Jo’s Monday walk : Rievaulx Abbey

Gazing heavenwards at Rievaulx Abbey

Gazing heavenward at Rievaulx Abbey, North Yorkshire

It was quite hard to decide which walk to take you on this week.  The weather’s been so unseasonably kind and I’ve been out and about a lot.  I will be missing next Monday and I wanted to leave you with some beautiful images.  It’s probably hard to find anywhere more beautiful than Rievaulx Abbey in North Yorkshire.

Spring was just beginning to tap on my door, and the Abbey was newly opened for the season when I made my visit- the first in many years!  I had quite forgotten the majesty of the place.  In the silence, I could almost hear the monks at prayer.

Approaching the abbey

Approaching the Abbey

I hate to mention it, but that's a nice-looking bench

I hate to mention it, but that’s a well-situated bench

I just know you want a close up!

I just know you want a close up!

Founded in 1132, Rievaulx Abbey was the first Cistercian abbey to be built in the north of England.  Situated just 3 miles from the village of Helmsley, in the North York Moors National Park, still it feels remarkably remote.  The location, sheltered by hills in the valley of the River Rye, was ideal for the Cistercians, who valued a strict life of prayer and self sufficiency with little contact with the outside world.

Looking through into the Infirmary Cloister

Looking through into the Infirmary Cloister

An exquisitely shaped doorway

An exquisitely shaped doorway

The Cloister Green, seen through the Arcade

The Cloister Green, seen through the Arcade

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In order to have enough flat land to build on, the monks diverted part of the river several metres west of its original channel.  It astounded me to find that during the 12th century, they diverted the course of the river three times.  Such was the ingenuity of the monks, who over time built up a profitable business mining lead and iron ore.  They reared sheep and sold the wool throughout Europe.  Rievaulx grew to be one of the wealthiest abbeys in England.  With 140 monks and many more lay brothers, it was a far cry from its devout beginnings.  By the 15th century the strict observance of Cistercian practises had been abandoned in favour of a more comfortable lifestyle.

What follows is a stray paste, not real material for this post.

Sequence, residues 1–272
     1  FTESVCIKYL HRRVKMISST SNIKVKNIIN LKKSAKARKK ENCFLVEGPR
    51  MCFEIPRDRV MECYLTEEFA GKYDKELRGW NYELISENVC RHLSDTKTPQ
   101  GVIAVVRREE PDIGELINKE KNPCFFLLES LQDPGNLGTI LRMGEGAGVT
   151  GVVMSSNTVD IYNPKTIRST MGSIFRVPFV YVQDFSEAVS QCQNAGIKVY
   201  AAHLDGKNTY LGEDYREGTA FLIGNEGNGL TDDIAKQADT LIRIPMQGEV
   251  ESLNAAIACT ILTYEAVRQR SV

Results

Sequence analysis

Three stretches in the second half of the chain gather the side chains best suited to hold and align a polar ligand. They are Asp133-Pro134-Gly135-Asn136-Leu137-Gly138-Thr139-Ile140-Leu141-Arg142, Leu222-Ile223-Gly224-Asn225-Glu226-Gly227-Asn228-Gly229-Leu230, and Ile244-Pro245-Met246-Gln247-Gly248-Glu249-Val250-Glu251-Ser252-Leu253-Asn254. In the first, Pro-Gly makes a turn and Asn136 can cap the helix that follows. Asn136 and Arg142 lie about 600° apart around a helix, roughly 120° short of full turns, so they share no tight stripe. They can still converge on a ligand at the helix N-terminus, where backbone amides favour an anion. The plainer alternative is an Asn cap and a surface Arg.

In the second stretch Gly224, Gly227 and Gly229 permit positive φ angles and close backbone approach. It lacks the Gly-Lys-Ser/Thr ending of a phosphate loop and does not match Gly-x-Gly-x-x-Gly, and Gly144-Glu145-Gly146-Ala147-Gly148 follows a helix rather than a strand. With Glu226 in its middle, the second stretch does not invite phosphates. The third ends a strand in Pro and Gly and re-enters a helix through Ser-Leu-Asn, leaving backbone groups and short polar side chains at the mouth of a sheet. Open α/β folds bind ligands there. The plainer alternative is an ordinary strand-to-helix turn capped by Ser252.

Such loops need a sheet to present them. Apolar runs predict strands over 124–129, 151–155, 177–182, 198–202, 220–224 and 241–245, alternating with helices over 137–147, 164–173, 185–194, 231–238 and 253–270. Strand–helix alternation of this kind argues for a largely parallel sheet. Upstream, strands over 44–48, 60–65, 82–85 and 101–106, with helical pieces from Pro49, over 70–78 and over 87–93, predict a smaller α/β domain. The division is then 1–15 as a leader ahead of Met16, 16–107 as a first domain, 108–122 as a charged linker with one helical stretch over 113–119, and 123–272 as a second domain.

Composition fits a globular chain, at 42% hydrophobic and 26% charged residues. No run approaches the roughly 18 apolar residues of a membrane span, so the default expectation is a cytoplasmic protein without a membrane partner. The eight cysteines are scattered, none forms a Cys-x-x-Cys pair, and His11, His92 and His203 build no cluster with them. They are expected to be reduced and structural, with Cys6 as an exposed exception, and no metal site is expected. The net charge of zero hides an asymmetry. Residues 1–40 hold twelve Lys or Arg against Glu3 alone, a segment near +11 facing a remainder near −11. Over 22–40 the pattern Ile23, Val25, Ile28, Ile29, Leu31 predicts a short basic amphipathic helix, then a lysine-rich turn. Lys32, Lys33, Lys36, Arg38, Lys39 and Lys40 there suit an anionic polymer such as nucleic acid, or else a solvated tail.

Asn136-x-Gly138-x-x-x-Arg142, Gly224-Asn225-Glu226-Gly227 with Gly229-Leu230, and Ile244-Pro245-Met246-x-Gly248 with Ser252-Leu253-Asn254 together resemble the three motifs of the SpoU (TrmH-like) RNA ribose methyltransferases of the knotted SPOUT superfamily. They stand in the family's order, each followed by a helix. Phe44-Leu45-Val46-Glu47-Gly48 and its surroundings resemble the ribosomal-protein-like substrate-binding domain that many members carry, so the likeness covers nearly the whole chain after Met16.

The South Trancept

The South Transept

Henry VIII was, of course, delighted to take advantage of this prosperity when he dissolved the abbey in 1538.  The 72 buildings alleged to have been in existence at that time were stripped of their assets and rendered uninhabitable. Today the still substantial abbey ruins are in the care of English Heritage.  High on the hillside overlooking them sit two Grecian-style temples.  These were added in the 1750s by Thomas Duncombe, and are now in the care of the National Trust. Just a glimpse is visible on my walk.

You might well want to linger in the Visitor Centre, which has a pleasant cafe (with good cake!) looking out on the ruins.  Picnic tables will make this a popular spot in Summer.  It’s much too early to return to the car so I’d like you to accompany me on a circular walk, along the river to Bow Bridge.  A website I have used before Where 2 walk will provide you with a little map, but the 2 and a half mile route is quite straightforward.  We can eat when we get back- I promise!

Walk towards Rievaulx village to a signpost on your left

Walk towards Rievaulx village to a signpost on your left

Here it is!

Here it is!

The river is down to your left

The river is down to your left

And Bow Bridge is not too far ahead

And Bow Bridge is not too far ahead

Follow the tidy hedge and here we are

Follow the tidy hedge and here we are

Cross over the bridge and take the footpath to your left and you will initially be following the opposite bank of the River Rye.  A signpost saying ‘Ashberry’ points the way across a field, and the path begins on a gentle incline.

A handsome bare branched tree

Past a handsome bare-branched tree

The path climbs a little steeply for a short stretch and, through the trees, you can just make out the outline of the Abbey down below.  As we start to descend, a bench catches my eye.

Looking back, above the trees, you can just make out a Rievaulx Temple

Looking back, above the trees, you can just make out one of the Rievaulx Temples